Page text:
Washington (AP) —Two Supreme Court judges who most often disagree about the outcome of the case say they still strive to convince each other and sometimes succeed. Judges Sonia Sotomayor and Amy Coney Barrett commented in a pre-recorded conversation that was first released Thursday night.
Conservative Barrett and liberal Sotomayor were on the other side of last month’s ruling. Stripped women’s constitutional protection for abortion..They also disagreed on where the court would decide. Expanded gun rights When Lowering barriers to religion in public life.. But at some point Barrett said: We do so. “
“One of the wonders of being in the Supreme Court is knowing that all of our colleagues are equally passionate about the Constitution, our government system, and just like me. I think. We may disagree about how to get there, and we often do, but that doesn’t mean I see them and say, “You’re a bad guy.” “I admit it’s a disagreement,” Sotomayor said. “I’ll do my best to see it in my own way and convince them to correct their mistakes.”
“Same as above,” Barrett said, and both laughed.
Regarding persuading each other, Barrett said: Judge Soto Mayor persuaded me. We try to work together behind the scenes, but we don’t get in and make decisions or lock in. We work a lot together, talk, and as you know, we change our minds. “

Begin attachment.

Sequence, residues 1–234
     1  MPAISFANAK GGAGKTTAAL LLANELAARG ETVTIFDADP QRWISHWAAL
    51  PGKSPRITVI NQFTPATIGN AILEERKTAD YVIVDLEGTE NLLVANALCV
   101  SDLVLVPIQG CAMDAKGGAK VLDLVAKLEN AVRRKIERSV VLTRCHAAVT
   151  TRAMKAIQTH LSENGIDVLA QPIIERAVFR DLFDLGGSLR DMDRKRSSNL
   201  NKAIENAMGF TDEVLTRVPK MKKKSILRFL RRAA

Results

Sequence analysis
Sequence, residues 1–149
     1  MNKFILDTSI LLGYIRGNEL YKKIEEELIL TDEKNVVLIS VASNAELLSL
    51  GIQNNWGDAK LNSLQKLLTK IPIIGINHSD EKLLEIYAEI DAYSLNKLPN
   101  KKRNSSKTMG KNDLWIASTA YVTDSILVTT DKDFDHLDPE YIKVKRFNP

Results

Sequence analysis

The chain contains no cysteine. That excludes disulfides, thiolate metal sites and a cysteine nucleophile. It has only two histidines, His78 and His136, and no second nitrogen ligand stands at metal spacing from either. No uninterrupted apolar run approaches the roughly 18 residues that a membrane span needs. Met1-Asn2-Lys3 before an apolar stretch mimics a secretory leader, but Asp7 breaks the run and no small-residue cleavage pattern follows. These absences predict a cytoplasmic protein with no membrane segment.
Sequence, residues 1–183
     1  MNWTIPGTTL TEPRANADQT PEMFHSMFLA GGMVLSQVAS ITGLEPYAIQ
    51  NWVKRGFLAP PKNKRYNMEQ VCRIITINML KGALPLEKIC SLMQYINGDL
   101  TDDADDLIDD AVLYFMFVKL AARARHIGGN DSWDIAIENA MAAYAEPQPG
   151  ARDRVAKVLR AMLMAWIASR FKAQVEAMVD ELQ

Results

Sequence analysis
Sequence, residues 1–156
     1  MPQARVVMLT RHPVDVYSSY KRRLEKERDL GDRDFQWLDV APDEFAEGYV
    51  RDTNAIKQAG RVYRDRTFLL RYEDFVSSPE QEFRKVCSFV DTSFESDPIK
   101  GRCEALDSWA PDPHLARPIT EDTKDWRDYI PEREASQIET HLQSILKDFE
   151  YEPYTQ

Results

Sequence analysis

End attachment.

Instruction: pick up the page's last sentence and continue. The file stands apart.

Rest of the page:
This event is the first time a judge has jointly appeared. Barrett, the appointed president of President Donald Trump, joined the court in 2020. Sotomayor, the appointed president of President Barack Obama, has been in court since 2009. Sotomayor is the first Hispanic justice in court. They are the third and fifth female judges in the court.
They also talked about how the court, which is now divided into 6 to 3 between conservatives and liberals, works to promote collegiality. There is a rule that they celebrate their birthday with a toast and a “Happy Birthday” round, waving each other’s justice when they get together and have lunch together, and they can’t talk about work. .. Sotomayor said he was absent from these lunches due to concerns about the coronavirus.
Sotomayor and Barrett answered a question from Achille Reed Amar, a professor of law at Yale, for about an hour as part of an educational summit hosted by the Ronald Reagan Center for Citizens’ Education Opportunities. The two did not specifically talk about any incident, and most of the conversation focused on education and public involvement. The answer to that question was no for both.
Former judge Sotomayor talked about the importance of jury services, calling it “one of the few responsibilities to be fulfilled as a citizen.” “Many people and friends have called me and said:” I received a jury trial notice. Can you get it to me? And my answer is that I can’t, but I don’t want to. “
When talking about civic participation, Barrett said her parents’ garage was a polling place when she was young. She also said that one of her seven children turned 18 in the fall and was uncertain about voting, especially wondering if she had time to learn everything she needed. Said. Barrett convinced her that one of her younger brothers needed her, she said.
“You have the right to vote now. Barrett said his 11-year-old daughter Juliet said.” She voted because she couldn’t disappoint her sister. “
Returning to the court at the end of the conversation, Mr. Sotmayor said he would require the audience to take one Supreme Court decision they disagree with or agree with and read it from start to finish. “Every presentation has two sides, and it’s important that you actually sat down and thought about it completely before you chose the side,” she said.
“I sincerely agree,” Barrett said.